# Suppose that 6 J of work is needed to stretch a spring from its natural length of 36 cm to a...

## Question:

Suppose that 6 J of work is needed to stretch a spring from its natural length of 36 cm to a length of 51 cm.

A. How much work is needed to stretch the spring from 44 cm to 49 cm?

B. How far beyond its natural length will a force of 40 N keep the spring stretched?

## Hooke's Law

When a force is applied on an object, it can cause a change in the shape of the object. The amount of change in shape or deformation {eq}\Delta x {/eq} induced by the applied force {eq}F {/eq} is given by the Hooke's law:

$$F=-k\Delta x$$,

where {eq}k {/eq} is a proportionality constant that depends upon the property of the object and the applied force.

We are given:

• Natural length of the spring, {eq}L_n=36\ \rm {cm} {/eq}
• Change in the length of the spring when stretched, {eq}\Delta L=(51-36)\ \rm{cm}=15\ \rm{cm}=0.15\ \rm m {/eq}
• Work needed to stretch the spring by the given {eq}\Delta L {/eq}, {eq}W=6\ \rm J {/eq}

Part A We are asked to calculate the work needed to stretch the spring from 44 cm to 49 cm.

Solution:

Step I To solve this problem, first we need to determine the spring constant {eq}k {/eq} of the spring.

The work {eq}W {/eq} needed to be done to stretch the spring (spring constant, {eq}k {/eq}) by length {eq}\Delta L {/eq} is given by:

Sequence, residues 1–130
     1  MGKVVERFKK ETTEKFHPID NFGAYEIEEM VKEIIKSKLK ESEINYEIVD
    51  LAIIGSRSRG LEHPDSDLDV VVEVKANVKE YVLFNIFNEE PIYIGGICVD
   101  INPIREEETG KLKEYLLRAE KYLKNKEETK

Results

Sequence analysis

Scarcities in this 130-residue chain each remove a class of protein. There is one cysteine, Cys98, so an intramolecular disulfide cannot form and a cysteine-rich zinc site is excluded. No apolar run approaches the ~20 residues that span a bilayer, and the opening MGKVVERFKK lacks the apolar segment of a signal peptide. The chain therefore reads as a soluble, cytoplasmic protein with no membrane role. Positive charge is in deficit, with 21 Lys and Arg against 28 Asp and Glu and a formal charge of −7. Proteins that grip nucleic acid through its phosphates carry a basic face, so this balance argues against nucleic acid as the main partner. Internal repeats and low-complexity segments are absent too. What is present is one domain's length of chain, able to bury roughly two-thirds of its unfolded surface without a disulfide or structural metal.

\begin{align} W=\frac{1}{2}k\Delta L^2 \end{align}

Using the given values of {eq}\Delta L {/eq} and {eq}W {/eq} we will calculate the spring constant:

\begin{align} k&=\frac{2W}{\Delta L^2}\\ &=\frac{2 \times 6\ \rm J}{(0.15\ \rm{m})^2}\\ &=533 \ \rm{N/m}\\ \end{align}

Step II Using the calculated value of the spring constant {eq}k {/eq}, we can calculate the work needed to stretch the spring from 44 cm to 49 cm.

Change in the length of the spring when it is stretched from 44 cm to 49 cm, {eq}\Delta L_1=(49-44)\ \rm{cm}=5\ \rm{cm}=5 \times 10^{-2}\ \rm m {/eq}

Using the equation for the work done on the spring, we get:

\begin{align} W_1&=\frac{1}{2}k\Delta L_1^2\\ &=\frac{1}{2} \times 533 \ \rm{N/m} \times (5 \times 10^{-2}\ \rm m)^2\\ &=0.67 \ \rm J \\ \end{align}

Hence, the work needed to stretch the spring from 44 cm to 49 cm is {eq}0.67\ \rm{J} {/eq}.

Part B We are asked to determine the change in the natural length of the spring induced by a force of 40 N.

Solution: The change in the natural length of the spring induced by a force of 40 N can be calculated using Hooke's law:

$$F_2=k\Delta L_2$$

Using {eq}F_2=40\ \rm N {/eq} and the spring constant calculated in Part A, we get:

\begin{align} \Delta L_2&=\frac{F_2}{k}\\ &=\frac{40\ \rm N}{533 \ \rm{N/m}}\\ &=7.5 \times 10^{-2}\ \rm m \\ &=7.5 \ \rm{cm} \end{align}

Length of the stretched spring, {eq}L_2=\Delta L_2 + L_n = (7.5+36) \ \rm{cm}=\mathbf{43.5 \ \rm{cm}} {/eq}

Hence, when a force of 40 N is applied, it will stretch the spring by 7.5 cm, i.e., from its natural length of 36 cm to 43.5 cm. Hooke's Law & the Spring Constant: Definition & Equation

from

Chapter 4 / Lesson 19
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After watching this video, you will be able to explain what Hooke's Law is and use the equation for Hooke's Law to solve problems. A short quiz will follow.